• Thanos #15 Featured Reviews 

    Wrapping Wednesday: Micro Reviews for the Week of 1/24/18

    By | January 29th, 2018
    Posted in Reviews | % Comments

    There is a lot to cover on Wednesdays. We should know, as collectively, we read an insane amount of comics. Even with a large review staff, it’s hard to get to everything. With that in mind, we’re back with Wrapping Wednesday, where we look at some of the books we missed in what was another great week of comics.

    Let’s get this party started.

    30 Days of Night #2
    Written by Steve Niles
    Illustrated by Piotr Kowalski
    Colored by Brad Simpson
    Lettered by Tom B. Long
    Reviewed by Gregory Ellner

    Even for those who know the basic premise of “30 Days of Night” from Steve Niles’ earlier work on this series, the tale of horror in Barrow, Alaska remains very foreboding. Niles crafts his story slowly, only ever showing the supernatural elements just before they lead to brutal violence. With the focus on the bizarre happenings in the town the day before the eponymous month-long night, Niles keeps the reader on the edge of their seat, worried about what is coming next, but unable to look away. Even those who know the reason for some of the strange actions of the townspeople will likely be unable to stop from turning the page, as if looking at a train wreck about to ensue.

    Piotr Kowalski is no stranger to horror himself, with multiple unnerving books on his bibliography, and it definitely shows. As if to demonstrate Stella Olemaun’s emotional fragility, he purposefully hides her face from view during her work, only allowing her time to show it when she is able to let her guard down in private. The man at the Ikos Diner is also given a facial focus, but in this case, rather than hide it, the art focuses in on it, showing him to be a rather crazed individual in the very least.

    Brad Simpson also is more than up to the challenge of this story, with splashes of red in violent scenes as a color wash to show how horrific the murderous beings really are. The use of shadow, especially in the parts with the creatures, helps to add to their foreboding nature, but the muted colors really showcase how inhuman they really are, as if they do not fit in with the rest of the story, and thus their reality.

    Together, the creative team is continuing to craft this horror, but it’s admittedly slow. That said, it definitely works to the narrative’s favor, and is one of its strongest points as of yet.

    Final Verdict: 8.0- With a slow buildup, Niles, Kowalski, and Simpson continue to add tension to their horror story before it is ready to go into full swing.

    Marvel’s Avengers: Infinity War Prelude #1
    Written by Will Corona Pilgrim
    Illustrated by Tigh Walker
    Colored by Chris O’Halloran
    Lettered by VC’s Travis Lanham
    Reviewed By Kate Kosturski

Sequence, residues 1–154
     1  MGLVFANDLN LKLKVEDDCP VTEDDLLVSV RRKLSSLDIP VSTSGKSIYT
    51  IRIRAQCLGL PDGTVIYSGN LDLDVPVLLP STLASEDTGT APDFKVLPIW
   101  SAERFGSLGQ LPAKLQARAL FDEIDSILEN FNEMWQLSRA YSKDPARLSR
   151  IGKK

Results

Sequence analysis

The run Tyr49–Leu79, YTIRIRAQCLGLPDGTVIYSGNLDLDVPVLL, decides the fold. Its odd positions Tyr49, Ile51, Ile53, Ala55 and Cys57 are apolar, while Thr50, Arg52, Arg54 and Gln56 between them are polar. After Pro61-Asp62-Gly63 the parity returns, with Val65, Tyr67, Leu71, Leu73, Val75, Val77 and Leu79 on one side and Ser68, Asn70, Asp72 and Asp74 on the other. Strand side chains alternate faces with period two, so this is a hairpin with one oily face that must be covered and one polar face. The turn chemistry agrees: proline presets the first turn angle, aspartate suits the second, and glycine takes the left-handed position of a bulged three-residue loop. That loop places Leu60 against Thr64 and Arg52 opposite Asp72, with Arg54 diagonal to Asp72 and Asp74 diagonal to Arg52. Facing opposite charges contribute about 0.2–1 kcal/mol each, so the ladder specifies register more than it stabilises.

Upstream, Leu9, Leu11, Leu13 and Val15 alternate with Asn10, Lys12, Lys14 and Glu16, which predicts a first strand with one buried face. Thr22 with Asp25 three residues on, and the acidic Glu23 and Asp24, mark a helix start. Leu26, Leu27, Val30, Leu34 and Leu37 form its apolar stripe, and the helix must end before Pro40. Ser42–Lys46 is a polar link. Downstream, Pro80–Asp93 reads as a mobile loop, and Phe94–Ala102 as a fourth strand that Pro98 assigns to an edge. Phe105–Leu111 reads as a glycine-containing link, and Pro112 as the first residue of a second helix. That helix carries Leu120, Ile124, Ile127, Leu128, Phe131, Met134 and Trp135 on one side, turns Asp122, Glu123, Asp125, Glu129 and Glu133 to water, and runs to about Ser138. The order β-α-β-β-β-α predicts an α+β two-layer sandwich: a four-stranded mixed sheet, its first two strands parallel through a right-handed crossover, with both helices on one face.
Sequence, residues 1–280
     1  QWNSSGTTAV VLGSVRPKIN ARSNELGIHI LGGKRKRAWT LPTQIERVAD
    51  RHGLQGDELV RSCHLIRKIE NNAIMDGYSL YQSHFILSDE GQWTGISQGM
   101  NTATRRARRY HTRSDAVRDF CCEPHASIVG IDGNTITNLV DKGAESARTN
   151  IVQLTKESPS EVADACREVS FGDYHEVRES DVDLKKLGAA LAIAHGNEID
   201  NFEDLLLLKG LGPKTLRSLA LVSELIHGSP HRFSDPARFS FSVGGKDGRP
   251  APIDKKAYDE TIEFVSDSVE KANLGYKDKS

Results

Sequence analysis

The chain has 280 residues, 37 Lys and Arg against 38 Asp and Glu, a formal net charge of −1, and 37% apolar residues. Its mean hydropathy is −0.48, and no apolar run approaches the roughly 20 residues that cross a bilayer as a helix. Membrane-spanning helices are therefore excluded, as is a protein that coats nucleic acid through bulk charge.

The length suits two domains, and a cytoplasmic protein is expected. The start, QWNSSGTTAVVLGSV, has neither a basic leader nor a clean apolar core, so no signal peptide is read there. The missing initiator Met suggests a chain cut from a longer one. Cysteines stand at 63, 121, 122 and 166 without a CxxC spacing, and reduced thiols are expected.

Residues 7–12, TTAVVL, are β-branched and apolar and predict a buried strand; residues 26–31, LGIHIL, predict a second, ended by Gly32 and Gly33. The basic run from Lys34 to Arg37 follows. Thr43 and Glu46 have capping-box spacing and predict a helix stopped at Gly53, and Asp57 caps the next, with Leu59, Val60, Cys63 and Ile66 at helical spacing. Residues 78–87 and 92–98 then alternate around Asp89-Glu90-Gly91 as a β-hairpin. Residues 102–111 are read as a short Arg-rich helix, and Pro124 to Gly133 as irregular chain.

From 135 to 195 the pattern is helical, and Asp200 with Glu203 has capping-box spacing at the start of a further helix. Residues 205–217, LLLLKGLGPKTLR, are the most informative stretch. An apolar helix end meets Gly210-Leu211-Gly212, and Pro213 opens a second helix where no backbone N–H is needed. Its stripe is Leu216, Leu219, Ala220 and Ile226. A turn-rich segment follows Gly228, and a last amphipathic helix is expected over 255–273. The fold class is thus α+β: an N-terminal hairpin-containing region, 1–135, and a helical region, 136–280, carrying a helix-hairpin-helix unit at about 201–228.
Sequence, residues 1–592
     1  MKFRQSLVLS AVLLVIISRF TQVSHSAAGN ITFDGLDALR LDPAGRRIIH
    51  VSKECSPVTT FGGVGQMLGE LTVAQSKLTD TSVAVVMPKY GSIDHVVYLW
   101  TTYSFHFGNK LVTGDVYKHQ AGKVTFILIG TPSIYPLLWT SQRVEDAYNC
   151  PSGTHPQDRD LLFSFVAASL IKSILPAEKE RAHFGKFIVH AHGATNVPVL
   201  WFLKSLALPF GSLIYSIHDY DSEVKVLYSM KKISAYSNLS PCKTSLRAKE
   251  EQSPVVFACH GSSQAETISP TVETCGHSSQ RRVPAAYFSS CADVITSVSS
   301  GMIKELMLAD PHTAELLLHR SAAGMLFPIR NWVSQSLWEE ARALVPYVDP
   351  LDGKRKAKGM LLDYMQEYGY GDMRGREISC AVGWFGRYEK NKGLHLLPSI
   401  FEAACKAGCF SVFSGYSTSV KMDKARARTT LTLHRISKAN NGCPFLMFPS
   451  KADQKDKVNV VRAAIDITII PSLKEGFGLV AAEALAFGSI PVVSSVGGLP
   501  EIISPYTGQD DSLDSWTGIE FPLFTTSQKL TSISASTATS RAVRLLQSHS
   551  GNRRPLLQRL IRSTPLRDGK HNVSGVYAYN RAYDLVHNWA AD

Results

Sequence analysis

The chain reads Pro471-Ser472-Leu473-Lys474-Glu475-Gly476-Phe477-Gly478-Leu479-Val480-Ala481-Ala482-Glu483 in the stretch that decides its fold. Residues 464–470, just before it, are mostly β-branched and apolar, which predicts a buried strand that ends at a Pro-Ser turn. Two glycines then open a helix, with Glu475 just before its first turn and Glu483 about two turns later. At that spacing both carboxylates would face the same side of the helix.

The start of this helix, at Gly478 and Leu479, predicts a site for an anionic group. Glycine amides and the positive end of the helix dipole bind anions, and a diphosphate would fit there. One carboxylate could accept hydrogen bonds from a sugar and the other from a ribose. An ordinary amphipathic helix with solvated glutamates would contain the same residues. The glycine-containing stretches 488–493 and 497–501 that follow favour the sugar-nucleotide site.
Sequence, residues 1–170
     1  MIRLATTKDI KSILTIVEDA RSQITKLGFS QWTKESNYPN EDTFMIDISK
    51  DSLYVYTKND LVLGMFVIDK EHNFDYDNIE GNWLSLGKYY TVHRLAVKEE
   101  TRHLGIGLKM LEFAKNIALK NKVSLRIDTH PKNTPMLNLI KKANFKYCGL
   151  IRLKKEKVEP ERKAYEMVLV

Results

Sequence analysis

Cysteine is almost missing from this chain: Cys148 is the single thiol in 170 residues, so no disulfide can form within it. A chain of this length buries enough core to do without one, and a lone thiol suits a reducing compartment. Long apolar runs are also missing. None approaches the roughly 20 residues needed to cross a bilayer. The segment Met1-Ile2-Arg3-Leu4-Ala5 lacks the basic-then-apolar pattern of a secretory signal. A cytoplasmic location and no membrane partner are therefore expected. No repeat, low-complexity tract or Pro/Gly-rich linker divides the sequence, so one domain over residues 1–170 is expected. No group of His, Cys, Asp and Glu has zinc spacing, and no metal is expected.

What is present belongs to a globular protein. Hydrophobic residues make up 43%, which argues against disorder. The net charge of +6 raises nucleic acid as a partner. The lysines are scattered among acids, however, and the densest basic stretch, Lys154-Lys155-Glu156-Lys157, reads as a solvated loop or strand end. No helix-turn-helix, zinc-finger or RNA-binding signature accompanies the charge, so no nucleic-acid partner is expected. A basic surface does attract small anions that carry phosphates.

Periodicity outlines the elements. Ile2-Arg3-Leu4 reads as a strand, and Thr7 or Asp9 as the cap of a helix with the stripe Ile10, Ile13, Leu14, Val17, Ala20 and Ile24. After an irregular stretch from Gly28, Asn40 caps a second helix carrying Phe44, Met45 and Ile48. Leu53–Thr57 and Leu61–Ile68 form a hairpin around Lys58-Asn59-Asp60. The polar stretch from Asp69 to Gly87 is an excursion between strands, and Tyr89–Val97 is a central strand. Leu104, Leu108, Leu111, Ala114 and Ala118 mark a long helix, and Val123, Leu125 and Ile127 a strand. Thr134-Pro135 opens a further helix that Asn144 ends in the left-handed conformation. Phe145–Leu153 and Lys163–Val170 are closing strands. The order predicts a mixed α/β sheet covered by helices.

Just in time for the May release of Avengers: Infinity War we have “Marvel’s Avengers: Infinity War Prelude” #1. The majority of the story is straight out of the Captain America: Civil War script, particularly the last hour or so of the movie, in which Tony Stark discovers that Winter Soldier (aka Bucky Barnes, Cap’s best friend) killed his parents under the influence of Hydra. Cap and Tony battle it out, Cap rescues the other members of his team from the Raft, and Bucky goes to Wakanda to be put into cryogenic sleep until he can be cured of the Hydra brainwashing. The last few pages do provide some new material in the form of a weapons heist in Syria led by Black Widow, who had been living there in exile after the fight at the airport in Civil War. Meanwhile, Tony’s working on some new tech, but missing his pal.

    Plotwise, this is a decent refresher if it’s been a while since you’ve seen Civil War – – but with a book marketed as a “prelude” to the next big Avengers movie, I expected more material that would bridge the two films, not just a few pages at the end. The book does expand on some scenes from the movie, such as the preparations for Bucky’s cryo sleep, and plays up the emotion with reunions for Cap’s team and their loved ones. Tigh Walker does fine work with art, though there is this tendency to add too much detail in faces. (Bucky looks like he could use a dose of Botox or two while he’s in that cryo sleep, if you ask me.) It’s also nice to see some teasers for the film in the form of new suits for Spider-Man and Iron-Man, and a blond Black Widow (something I’m still getting used to seeing). While panel layout is standard throughout the book, the one full page of Shuri looking into Bucky’s memories that centers her with vignettes of his Hydra indoctrination falling around her like playing cards illustrates the breadth and depth of the Winter Solider’s torment beautifully.

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    For new fans wanting a quick and dirty catchup prior to Infinity War, this will do just nicely. Longtime fans can just get Civil War from Netflix instead.